Suffolk County Executive Steve Bellone and Health Commissioner Dr. James Tomarken Announce Activation of Public Health Information Line

Bellone: "Suffolk County’s public health surveillance program is among the most robust in the country."

Print Email

Suffolk County Executive Steve Bellone.

Photo by: Suffolk County

Suffolk County, NY - June 5, 2017 - County Executive Steve Bellone and Commissioner of Health Services Dr. James Tomarken announced today the activation of the Public Health Information Line: 631-787-2200. The Information Line is being employed to enhance continuing efforts to detect and prevent the spread of communicable illnesses in Suffolk County. The line is now available from Monday through Friday from 9 a.m. to 4:30 p.m.
 
“Suffolk County’s public health surveillance program is among the most robust in the country,” said Executive Bellone. “Now, as residents head outdoors in the warmer weather, we are ramping up efforts to monitor communicable diseases and keep residents informed about what they can do to protect themselves and their families.”
 
“Our mission is to protect and improve the health of the public,” said Dr. Tomarken. “We do this in a variety of ways, including monitoring the health of the community, detecting and investigating health problems and hazards, educating the public, developing plans and enforcing laws. Our Public Health Information Line is one tool we use to accomplish our goals.”
 
The New York Sanitary Code designates over 70 communicable diseases as reportable.  The illnesses of high concern at this time are Zika virus, West Nile virus and rabies virus. Residents who think they may have been exposed to these viruses or have questions or concerns about these illnesses are encouraged to call the Suffolk County Public Health Information Line at 631-787-2200.
 
Zika virus, newly emerging as a worldwide threat to public health, is spread primarily by the bite of an infected Aedes aegypti mosquito, through sexual transmission or transfusion.  Although Aedes aegypti mosquitoes are not present in New York State, a related species named Aedes albopictus is active in the downstate region, and may be able to effectively transmit the virus. Research is ongoing. Zika virus may cause mild or no symptoms in many, however, Zika virus infection has the potential to cause severe birth defects. Women who are pregnant or of childbearing age and their male partners are urged to take precautions to avoid mosquito bites.
 
  • If you wish to keep informed about national and/or local developments regarding Zika virus, may visit the Suffolk County website at Zika Information.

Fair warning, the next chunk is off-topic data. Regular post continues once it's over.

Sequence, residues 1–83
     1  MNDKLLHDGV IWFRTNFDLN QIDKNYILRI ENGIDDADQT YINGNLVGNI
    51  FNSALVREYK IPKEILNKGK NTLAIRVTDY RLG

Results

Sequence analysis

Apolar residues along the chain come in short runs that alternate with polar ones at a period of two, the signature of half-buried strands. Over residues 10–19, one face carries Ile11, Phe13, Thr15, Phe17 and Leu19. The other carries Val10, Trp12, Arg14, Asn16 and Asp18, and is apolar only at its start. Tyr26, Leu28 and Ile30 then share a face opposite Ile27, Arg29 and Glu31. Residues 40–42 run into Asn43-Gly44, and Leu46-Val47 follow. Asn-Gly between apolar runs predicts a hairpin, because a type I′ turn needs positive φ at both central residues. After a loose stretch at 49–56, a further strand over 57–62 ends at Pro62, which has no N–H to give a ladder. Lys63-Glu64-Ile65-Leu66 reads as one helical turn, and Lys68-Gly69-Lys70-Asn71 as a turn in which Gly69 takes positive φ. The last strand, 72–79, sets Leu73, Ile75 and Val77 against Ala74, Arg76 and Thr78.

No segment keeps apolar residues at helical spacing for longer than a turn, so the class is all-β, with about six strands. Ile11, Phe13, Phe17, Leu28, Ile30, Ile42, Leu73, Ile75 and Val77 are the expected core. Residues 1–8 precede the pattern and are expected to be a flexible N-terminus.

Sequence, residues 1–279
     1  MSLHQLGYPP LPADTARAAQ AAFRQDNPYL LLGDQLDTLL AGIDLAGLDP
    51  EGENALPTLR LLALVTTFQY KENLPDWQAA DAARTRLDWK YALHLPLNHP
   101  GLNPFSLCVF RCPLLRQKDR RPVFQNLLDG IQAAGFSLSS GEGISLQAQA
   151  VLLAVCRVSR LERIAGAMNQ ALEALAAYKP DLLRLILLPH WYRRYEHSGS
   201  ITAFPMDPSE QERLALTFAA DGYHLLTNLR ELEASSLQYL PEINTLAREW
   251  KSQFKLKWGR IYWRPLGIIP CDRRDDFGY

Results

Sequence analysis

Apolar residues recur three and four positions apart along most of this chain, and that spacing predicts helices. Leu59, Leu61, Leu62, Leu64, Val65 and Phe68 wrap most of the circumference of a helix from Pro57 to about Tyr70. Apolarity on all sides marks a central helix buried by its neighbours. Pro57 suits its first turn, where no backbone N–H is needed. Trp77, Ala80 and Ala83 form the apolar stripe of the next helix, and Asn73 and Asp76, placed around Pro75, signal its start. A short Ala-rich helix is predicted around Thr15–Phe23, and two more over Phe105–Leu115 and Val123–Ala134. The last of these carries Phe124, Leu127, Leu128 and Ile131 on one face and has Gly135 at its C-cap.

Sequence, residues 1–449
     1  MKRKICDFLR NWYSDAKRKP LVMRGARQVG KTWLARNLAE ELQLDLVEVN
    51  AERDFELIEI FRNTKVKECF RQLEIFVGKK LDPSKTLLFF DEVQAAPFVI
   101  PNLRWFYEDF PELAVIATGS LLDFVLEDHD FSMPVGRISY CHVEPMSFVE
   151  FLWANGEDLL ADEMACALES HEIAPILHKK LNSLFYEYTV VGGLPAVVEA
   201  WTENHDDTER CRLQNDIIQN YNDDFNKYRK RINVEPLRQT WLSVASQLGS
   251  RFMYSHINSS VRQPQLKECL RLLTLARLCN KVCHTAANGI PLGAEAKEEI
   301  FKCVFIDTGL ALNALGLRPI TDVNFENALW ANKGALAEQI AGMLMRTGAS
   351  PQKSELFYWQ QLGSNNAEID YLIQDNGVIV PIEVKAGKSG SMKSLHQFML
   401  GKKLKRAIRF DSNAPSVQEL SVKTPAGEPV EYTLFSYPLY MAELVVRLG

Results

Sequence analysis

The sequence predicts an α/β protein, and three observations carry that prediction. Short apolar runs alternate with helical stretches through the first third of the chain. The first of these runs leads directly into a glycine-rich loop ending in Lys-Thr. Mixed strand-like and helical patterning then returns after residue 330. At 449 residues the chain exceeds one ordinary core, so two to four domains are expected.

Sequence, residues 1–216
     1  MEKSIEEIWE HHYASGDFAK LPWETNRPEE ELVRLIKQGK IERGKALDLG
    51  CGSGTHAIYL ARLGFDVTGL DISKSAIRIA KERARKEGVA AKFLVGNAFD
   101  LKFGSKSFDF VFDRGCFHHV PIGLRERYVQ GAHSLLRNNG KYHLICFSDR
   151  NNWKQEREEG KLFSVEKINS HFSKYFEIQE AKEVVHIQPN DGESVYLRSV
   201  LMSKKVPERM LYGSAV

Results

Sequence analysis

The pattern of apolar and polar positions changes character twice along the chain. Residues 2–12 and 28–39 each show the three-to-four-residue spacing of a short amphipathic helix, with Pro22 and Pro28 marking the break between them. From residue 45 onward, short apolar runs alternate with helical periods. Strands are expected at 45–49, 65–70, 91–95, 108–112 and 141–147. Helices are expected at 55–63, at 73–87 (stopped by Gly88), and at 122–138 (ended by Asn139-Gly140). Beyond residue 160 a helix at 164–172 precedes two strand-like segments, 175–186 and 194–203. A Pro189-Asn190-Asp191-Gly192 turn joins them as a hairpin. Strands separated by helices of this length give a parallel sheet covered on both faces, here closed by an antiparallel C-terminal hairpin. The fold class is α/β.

• For medical questions related to Zika virus, contact your health care provider or call the Public Health Information Line.
Rabies virus is most often seen among wild animals such as raccoons, bats, skunks and foxes, but any mammal can be infected with rabies virus, which is invariably fatal. Pets and livestock can get rabies if they are not vaccinated to protect them against infection.
 
Residents of all towns are asked to call the Information Line number to report raccoons that come into contact with humans or pets.
 
With the report of a rabid raccoon in Nassau County last March, Suffolk County has increased surveillance of raccoons in the Towns of Huntington and Babylon. Residents of those towns are asked to report:
 
  • raccoons that come into contact with humans or pets
  • raccoons that are acting abnormally
  • raccoons that are dead for reasons other than motor-vehicle crash
If you have been exposed to a bat in your home or outdoors, call the Public Health Information Line.  If a bat is in your house and you have any questions about whether the bat has been in contact with people or pets, call the Information Line before releasing it and follow CDC guidelines in capturing it, avoiding any contact with the bat. http://www.cdc.gov/rabies/bats/contact/home.html
 
Residents with general questions about rabies may visit: http://www.health.ny.gov/diseases/communicable/rabies/fact_sheet.htm
 
West Nile virus, which has been present in Suffolk County since 1999, is transmitted to humans by the bite of an infected mosquito that has acquired the virus from biting an infected bird. Although it is estimated that only 20 percent of those who become infected with West Nile virus will develop clinically noticeable symptoms, West Nile virus can be fatal. Individuals who are most at risk for severe infection include those over 50 years of age and those with chronic illness or compromised immune systems. These individuals are urged to take precautions to avoid being bitten by mosquitoes during the season.
 
For questions about mosquito-borne illnesses, including West Nile virus, visit Preventing Mosquito Borne Illnesses.
 
  • Residents who have medical questions related to West Nile virus, may call the Public Health Information Line.
  • Dead Birds: Residents are also encouraged to report sightings of dead birds, such as robins, crows, blue jays and hawks that may have been infected with the virus to the Public Health Information Line. Birds that meet the Department of Health Services’ criteria will be picked up between 9 a.m. and 2 p.m. Monday through Friday.  Accepted bird specimens are tested for the presence of the virus in the bird population.  If it is determined by health officials that a reported bird is not needed for testing or if a dead bird is discovered on a weekend, residents should take proper precautionary measures: put the dead bird into a doubled bag, using gloves and a shovel, and dispose of it in the trash. Note: Humans cannot catch West Nile virus directly from birds.
To report mosquito problems or stagnant pools of water, call the Department of Public Works’ Vector Control Division at 631-852-4270.